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Tuesday, 16 September 1958


Mr ANDERSON - I was about to say that this bill relates to immigration, deportation and emigration. It was introduced by the Minister for Immigration (Mr. Downer) during the last sessional period. I was quite impressed by the speech of the honorable member for Bendigo (Mr. Clarey), who dealt with the history of migration to Australia. He covered the ground so comprehensively that I have also read his speech. He paid a tribute to the secretary and other officials of the Department of Immigration. It is not often in this House that we hear compliments paid to permanent officials of departments, but I think that this department is one which deserves commendation. The Department of Immigration deals with human values. It is very significant that the Ministers who have been in charge of this portfolio since the Labour government went out of office - the honorable member for Higgins (Mr. Harold Holt) and the honorable member for Denison (Mr. Townley), and the present Minister - have all shown a keen interest in an organization which deals with human values and the human welfare.

The ordinary resident of Australia, in his humdrum life, does not realize what immigration entails. But to the migrant it is all-important. It is a romantic period in his life. He breaks with his old associations; he makes a fateful decision to come here to a new country, a new life, a new world and a new language. The whole history of migration to Australia since the war has shown a careful planning and smoothness of achievement, and this is very commendable. Some recent visitors to Australia, who are engaged in administering immigration laws in other countries, have been most impressed with the Australian system. Great credit is due to the department, but equally great credit must be given to the migrants themselves. It is not easy for a newcomer to fit himself into a foreign nation. Nothing is perfect in life, and naturally there are some failures. Some migrants fail to become' assimilated and make good in this country, but they- are a negligible proportion-of the grand total.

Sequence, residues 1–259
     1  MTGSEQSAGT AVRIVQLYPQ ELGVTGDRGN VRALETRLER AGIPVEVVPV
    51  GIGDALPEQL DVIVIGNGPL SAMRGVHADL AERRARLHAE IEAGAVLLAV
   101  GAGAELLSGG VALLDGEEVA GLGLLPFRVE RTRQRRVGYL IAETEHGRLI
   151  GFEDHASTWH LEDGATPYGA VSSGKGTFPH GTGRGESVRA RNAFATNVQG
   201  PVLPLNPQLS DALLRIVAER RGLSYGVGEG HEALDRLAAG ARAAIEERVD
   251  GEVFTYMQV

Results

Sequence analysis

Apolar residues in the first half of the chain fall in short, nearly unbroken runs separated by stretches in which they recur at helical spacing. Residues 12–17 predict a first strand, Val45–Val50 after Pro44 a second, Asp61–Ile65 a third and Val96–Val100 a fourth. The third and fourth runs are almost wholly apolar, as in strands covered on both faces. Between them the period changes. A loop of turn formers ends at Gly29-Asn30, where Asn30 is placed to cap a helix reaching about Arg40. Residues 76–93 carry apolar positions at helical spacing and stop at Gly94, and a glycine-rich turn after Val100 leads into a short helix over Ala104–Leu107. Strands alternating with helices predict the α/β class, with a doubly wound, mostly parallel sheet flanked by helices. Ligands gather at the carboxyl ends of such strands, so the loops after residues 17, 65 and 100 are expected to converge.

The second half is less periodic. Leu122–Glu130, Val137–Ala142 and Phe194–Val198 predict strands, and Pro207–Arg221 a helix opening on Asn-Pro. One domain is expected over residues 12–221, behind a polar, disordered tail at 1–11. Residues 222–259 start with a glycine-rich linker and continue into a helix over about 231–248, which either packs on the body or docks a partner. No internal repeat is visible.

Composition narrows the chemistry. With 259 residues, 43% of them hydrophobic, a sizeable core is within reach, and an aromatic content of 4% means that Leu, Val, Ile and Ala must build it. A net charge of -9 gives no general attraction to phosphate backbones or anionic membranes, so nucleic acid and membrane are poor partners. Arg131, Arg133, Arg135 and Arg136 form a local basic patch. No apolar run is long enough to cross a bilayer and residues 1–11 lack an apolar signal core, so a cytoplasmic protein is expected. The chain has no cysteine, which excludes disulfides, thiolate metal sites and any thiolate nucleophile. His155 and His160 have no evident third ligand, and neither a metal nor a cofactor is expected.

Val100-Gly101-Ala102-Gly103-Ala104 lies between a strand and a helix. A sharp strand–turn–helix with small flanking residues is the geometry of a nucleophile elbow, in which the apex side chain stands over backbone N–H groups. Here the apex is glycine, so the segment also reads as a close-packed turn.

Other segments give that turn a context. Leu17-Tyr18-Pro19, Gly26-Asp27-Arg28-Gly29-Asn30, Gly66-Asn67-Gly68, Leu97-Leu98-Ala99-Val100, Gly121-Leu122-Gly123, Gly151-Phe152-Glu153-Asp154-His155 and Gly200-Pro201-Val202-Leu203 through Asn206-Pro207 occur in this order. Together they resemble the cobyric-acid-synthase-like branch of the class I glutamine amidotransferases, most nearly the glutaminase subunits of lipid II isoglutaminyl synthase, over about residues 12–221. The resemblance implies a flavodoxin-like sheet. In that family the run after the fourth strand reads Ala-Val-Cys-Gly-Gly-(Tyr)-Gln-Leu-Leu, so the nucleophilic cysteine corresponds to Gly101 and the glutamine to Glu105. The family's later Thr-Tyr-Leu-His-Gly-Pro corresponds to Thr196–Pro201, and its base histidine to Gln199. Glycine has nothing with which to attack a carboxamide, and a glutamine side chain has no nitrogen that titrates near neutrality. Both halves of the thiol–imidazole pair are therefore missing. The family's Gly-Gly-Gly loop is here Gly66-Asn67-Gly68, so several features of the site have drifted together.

Great credit is due also, to the officers who ideal with the selection of migrants in overseas countries. These selections have been well made. It is not only necessary to choose skilled men and useful people but also to find migrants of a mind to come to a new. country and- help , build' a nation. The assimilation of migrants is Australia has been going on- very satisfactorily, and. Ithink that a great deal of the credit for this can be- attributed to the naturalization ceremonies which take place in the capital cities and in country towns. I believe that alii members of the Parliament, including members, of the Senate, should make every effort to> attend these ceremonies. I do so in my electorate, but I am sorry to note that many Labour senators do not attend. I. think that is,, wrong. Senators of the Opposition panties should.be detailed to go to the country, and be present at. these ceremonies.

I 'Was pleased that the second-reading speech of the ' Minister forecast an amendment to the Nationality and Citizenship Act. The : Minister ' brought down that bill on 2'6th August' last'. ft will glace naturalized Australians "on exactly the same footing as' the natural-born citizen. That is a very good measure, because there has been quite a lot' of heart-burning over the thought that otherwise a migrant may be considered to be a second-class- Australian. The amendment will change that. Probably, that measure will be passed this week.

I mentioned earlier that the success in screening migrants has been reflected in the success in assimilation and the results flowing from our migration programme generally. Members of the Opposition have made charges that migrants have been screened politically. That is complete rubbish,, as will be readily recognized whenone pays regard to the mechanics of such a procedure-. Before, officials, overseas could screen, politically, families or individuals for migration, the Government would have' to- instruct those officials- that -they must choose people who are not socialists' orsome thing similar. Can- any one: imagine* any: sensible* government' placing: its honour in the hands; of hundreds of officials* who: themselves- might be of any political' 'faith?;

It- is- absolute nonsense to suggest' that migrants' are' screened so that' only those' who think the same politically' as the Gb.vernment are. allowed to come to Australia.